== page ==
McDonnell Douglas AV-8B Harrier II

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US AV-8B Harrier hovering

The McDonnell Douglas (now Boeing) AV-8B Harrier II is a single-engine ground-attack aircraft. It is the second generation of the Harrier Jump Jet family. It is capable of vertical or short takeoff and landing (V/STOL). The aircraft was designed in the late 1970s as an Anglo-American development of the British Hawker Siddeley Harrier, the first operational V/STOL aircraft. It can hover like a helicopter but can also fly like a jet at near supersonic speeds.[1] It is named after the a bird of prey.[2] It is primarily used on light attack or multi-role missions. These range from close air support of ground troops to armed reconnaissance. The AV-8B is used by the United States Marine Corps (USMC), the Spanish Navy, and the Italian Navy. A variant of the AV-8B, the British Aerospace Harrier II, was developed for the British military. Another is the TAV-8B, is a dedicated two-seat trainer.

The project that eventually led to the AV-8B's creation started in the early 1970s. It was a cooperative effort between the United States and United Kingdom (UK). it was aimed at working on solving the problems of the first-generation Harrier. Early efforts centered on a larger, more powerful Pegasus engine to improve the Harrier's performance. The UK dropped out of the project in 1975.[3]

Following the withdrawal of the UK, McDonnell Douglas extensively redesigned the earlier AV-8A Harrier to create the AV-8B. While retaining the general layout of its predecessor, the aircraft uses a new wing, an elevated cockpit, a redesigned fuselage, one extra hardpoint per wing, and other structural and aerodynamic changes. The aircraft is powered by an upgraded version of the Pegasus, which gives the aircraft its V/STOL ability. The AV-8B made its maiden flight in November 1981 and entered service with the USMC in January 1985. Later upgrades added a night-attack capability and radar. This resulted in the AV-8B(NA) and AV-8B Harrier II Plus, respectively. An enlarged version named Harrier III was also studied, but was not built. The UK, through British Aerospace, re-joined the improved Harrier project as a partner in 1981. After corporate mergers in the 1990s, Boeing and BAE Systems have jointly supported the program. Approximately 340 aircraft were produced in a 22-year production program that ended in 2003.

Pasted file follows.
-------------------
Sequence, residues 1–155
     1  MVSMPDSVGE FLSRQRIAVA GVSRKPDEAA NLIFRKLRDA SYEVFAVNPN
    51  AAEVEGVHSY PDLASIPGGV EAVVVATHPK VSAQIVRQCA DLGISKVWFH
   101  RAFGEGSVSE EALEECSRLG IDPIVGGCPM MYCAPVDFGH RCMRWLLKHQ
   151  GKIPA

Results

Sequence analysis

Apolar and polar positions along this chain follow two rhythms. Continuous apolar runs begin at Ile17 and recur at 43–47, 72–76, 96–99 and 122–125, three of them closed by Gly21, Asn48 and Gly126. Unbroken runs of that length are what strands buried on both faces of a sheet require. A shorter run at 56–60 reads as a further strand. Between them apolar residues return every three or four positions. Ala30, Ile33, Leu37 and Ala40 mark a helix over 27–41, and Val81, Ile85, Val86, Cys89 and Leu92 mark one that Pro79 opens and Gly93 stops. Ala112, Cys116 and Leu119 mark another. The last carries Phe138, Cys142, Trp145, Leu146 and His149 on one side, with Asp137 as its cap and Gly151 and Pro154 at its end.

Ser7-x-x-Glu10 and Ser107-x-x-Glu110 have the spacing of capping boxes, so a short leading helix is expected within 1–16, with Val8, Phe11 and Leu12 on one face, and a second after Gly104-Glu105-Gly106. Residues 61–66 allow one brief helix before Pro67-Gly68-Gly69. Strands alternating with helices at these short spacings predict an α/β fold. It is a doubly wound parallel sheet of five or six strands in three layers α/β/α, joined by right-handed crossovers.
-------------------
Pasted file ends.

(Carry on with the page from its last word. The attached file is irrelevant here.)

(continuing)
References[change | change source]

  1. "AV-8B HARRIER II". Military Advantage. Retrieved 11 November 2015.
  2. Searle, Adrian (29 June 2010). "Fiona Banner's toys for boys are a turn-on at Tate Britain". The Guardian. Archived from the original on 20 October 2013. Retrieved 21 October 2013. the Harrier is in any case named after a bird of prey.
  3. "McDonnell Douglas/British Aerospace AV-8B Harrier II Attack Fighter". Aerospaceweb.org. Retrieved 11 November 2015.